BEFORE the coming of the Pilgrim Fathers, or even the founding
of Jamestown, the French had made a beginning toward the occupation of Canada. At the moment when Henry Hudson was bartering with the Indians along the banks of the Hudson, Champlain was but a few miles away, exploring the beautiful lake that bears his name; and the year before that he had established a post on a rocky cliff overlooking the majestic St. Lawrence, and had named it Quebec.1 For many years thereafter the French came in small numbers, scattering through the wilderness, trading in furs, and seeking to convert the Indians to Christianity. The conversion of the Indians became the care of the French government, and the work was intrusted to the Jesuit priests -- men who would brave every peril to carry the religion of Rome to the benighted red man. They established missions in many places and at the same time made useful explorations through the great northern wilderness. In 1634 Jean Nicollet, sent by Champlain, discovered Lake Michigan. Other Frenchmen discovered Lake Superior and portions of the boundless regions west and south of it.
In 1666 one of these, Father Allouez, went far into the lake region, beyond the head of Lake Superior, and while there he heard of the vast, treeless plains of Illinois and of that river beyond that flowed toward the south. Returning to Quebec, Allouez related what he had heard, and the hearts of others
were fired with a desire to explore the great valley in the southwest. Among these was Father James Marquette, who had recently come from France. He, with another Jesuit priest named Joliet and a few guides and companions, determined to explore the western wilderness, where no white man's foot had been. They ascended the Fox River, carried their canoes across the portage to the Wisconsin, and floated down this stream to the Mississippi. They then launched their little boats upon its bosom and floated for hundreds of miles with its current. The shores were covered with dense forests abounding in wild animals, stretched away in boundless, grassy plains, with here and there the well-known traces of the red children of the forest. On they floated, past the mouths of the turbid Missouri and of the clear, sparkling Ohio, and still on until the semi-tropical plants and breezes replaced the rigorous climate of the north. When they reached the mouth of the Arkansas, they decided to retrace their steps, and the toilsome work of rowing up-stream was begun. After a weary journey of many weeks they reached the Illinois River, and, ascending it, crossed the country to Lake Michigan. Joliet now hastened back to Canada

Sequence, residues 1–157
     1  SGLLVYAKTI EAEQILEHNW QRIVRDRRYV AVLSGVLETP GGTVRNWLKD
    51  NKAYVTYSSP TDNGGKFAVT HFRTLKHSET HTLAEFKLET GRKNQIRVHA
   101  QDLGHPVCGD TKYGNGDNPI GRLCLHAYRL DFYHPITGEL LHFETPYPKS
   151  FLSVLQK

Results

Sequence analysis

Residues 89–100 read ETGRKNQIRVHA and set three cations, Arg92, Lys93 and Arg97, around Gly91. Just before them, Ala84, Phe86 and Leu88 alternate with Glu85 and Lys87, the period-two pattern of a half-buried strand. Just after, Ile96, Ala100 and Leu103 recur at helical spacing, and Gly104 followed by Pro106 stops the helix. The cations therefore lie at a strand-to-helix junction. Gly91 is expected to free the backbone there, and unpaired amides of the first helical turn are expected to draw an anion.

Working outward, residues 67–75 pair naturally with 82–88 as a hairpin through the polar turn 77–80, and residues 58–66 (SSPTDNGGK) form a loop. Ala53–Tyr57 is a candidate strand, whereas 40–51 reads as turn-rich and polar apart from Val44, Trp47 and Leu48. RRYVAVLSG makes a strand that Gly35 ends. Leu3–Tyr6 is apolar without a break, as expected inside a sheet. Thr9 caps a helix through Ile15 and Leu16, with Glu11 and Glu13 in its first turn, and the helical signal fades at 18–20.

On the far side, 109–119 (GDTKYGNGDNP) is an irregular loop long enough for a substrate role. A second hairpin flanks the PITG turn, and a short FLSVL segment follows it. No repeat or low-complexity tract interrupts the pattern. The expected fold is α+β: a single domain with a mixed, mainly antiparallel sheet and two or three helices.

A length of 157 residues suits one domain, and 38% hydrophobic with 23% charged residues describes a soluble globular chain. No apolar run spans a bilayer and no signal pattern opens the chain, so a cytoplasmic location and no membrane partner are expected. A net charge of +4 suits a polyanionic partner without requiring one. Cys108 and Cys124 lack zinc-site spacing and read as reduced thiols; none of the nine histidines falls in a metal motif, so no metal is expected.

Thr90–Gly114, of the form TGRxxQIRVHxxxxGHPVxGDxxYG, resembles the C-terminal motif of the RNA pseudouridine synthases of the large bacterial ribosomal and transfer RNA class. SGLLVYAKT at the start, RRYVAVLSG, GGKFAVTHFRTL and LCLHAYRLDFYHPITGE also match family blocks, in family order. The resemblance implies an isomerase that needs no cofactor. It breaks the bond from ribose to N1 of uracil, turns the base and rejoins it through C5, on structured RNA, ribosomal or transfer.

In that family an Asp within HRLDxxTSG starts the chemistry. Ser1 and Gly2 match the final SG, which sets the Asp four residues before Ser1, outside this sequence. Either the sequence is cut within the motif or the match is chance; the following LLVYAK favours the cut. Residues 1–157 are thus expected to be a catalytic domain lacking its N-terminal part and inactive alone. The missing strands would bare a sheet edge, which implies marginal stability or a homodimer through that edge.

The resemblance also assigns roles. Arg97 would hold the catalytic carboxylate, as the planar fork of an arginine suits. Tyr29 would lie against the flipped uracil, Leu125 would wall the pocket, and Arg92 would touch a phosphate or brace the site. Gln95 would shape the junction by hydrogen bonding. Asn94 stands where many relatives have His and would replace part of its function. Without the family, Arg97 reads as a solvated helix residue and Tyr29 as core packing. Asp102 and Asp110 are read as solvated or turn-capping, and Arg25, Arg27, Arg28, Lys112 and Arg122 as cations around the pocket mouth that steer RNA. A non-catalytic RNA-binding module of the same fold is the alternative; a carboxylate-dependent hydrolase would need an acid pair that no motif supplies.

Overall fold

to tell of their discoveries, while the self-denying Marquette determined to remain in the wilderness and give his life to the enlightenment of the savages. But his labors were soon to end; one day, as he was kneeling by a rude altar of his own making, his spirit passed away, and his friends found his lifeless body in the attitude of prayer.
Of still greater importance were the achievements of Robert Cavelier de La Salle, a young Frenchman born at Rouen, France,
and educated at a Jesuit school. While yet a young man he
migrated to Canada and occupied an estate Fort Frontenac, now
Kingston, on the shore of Lake Ontario. Inflamed with the news of Marquette's discoveries, he determined to leave his lands and herds and explore the great western country, and thus to secure it for his king. La Salle was probably the first of his nation to plan the holding of the entire Mississippi basin and the lake region by means of military posts. After several years' negotiating, he received permission from Louis XIV to occupy and explore the great valley of the Mississippi. In the spring of 1682 he began one of the most famous exploring tours in the early history of our country. Taking with him a few companions, he floated down the Mississippi to its mouth, took possession of its vast basin in the name of France, and called it Louisiana in honor of the king. He then made the long and weary journey back to Quebec, and thence sailed to France, where he soon succeeded in interesting his king in planting a colony at the mouth of the Mississippi. The king sent La Salle back with four vessels, one of which was an armed frigate, bearing nearly three hundred colonists. It is claimed that the French king expended more money in fitting out this colony than did all the English sovereigns combined in planting their thirteen colonies in North America.
1As early as 1534 Cartier ascended the St. Lawrence as far as the site of Montreal, and Roberval made an unsuccessful attempt to plant a colony near the site of Quebec in 1542. The French had planted a colony of jail birds on Sable Island, off the coast of Nova Scotia, in 1598, and De Monts settled a colony in Acadia in 1604; but neither colony was permanent. Champlain had made a previous exploring tour 1603) to the American coast. [return]
Source: "History of the United States of America," by Henry William Elson, The MacMillan Company, New York, 1904. Chapter VIII p. 160-162. Transcribed by Kathy Leigh.